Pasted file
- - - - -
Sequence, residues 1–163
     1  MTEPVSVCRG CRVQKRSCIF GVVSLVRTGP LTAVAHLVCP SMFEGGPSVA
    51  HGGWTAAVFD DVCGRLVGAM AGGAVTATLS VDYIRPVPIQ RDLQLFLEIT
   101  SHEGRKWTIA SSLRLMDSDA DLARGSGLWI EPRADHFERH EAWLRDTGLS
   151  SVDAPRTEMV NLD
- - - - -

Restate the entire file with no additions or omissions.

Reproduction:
Sequence, residues 1–163
     1  MTEPVSVCRG CRVQKRSCIF GVVSLVRTGP LTAVAHLVCP SMFEGGPSVA
    51  HGGWTAAVFD DVCGRLVGAM AGGAVTATLS VDYIRPVPIQ RDLQLFLEIT
   101  SHEGRKWTIA SSLRLMDSDA DLARGSGLWI EPRADHFERH EAWLRDTGLS
   151  SVDAPRTEMV NLD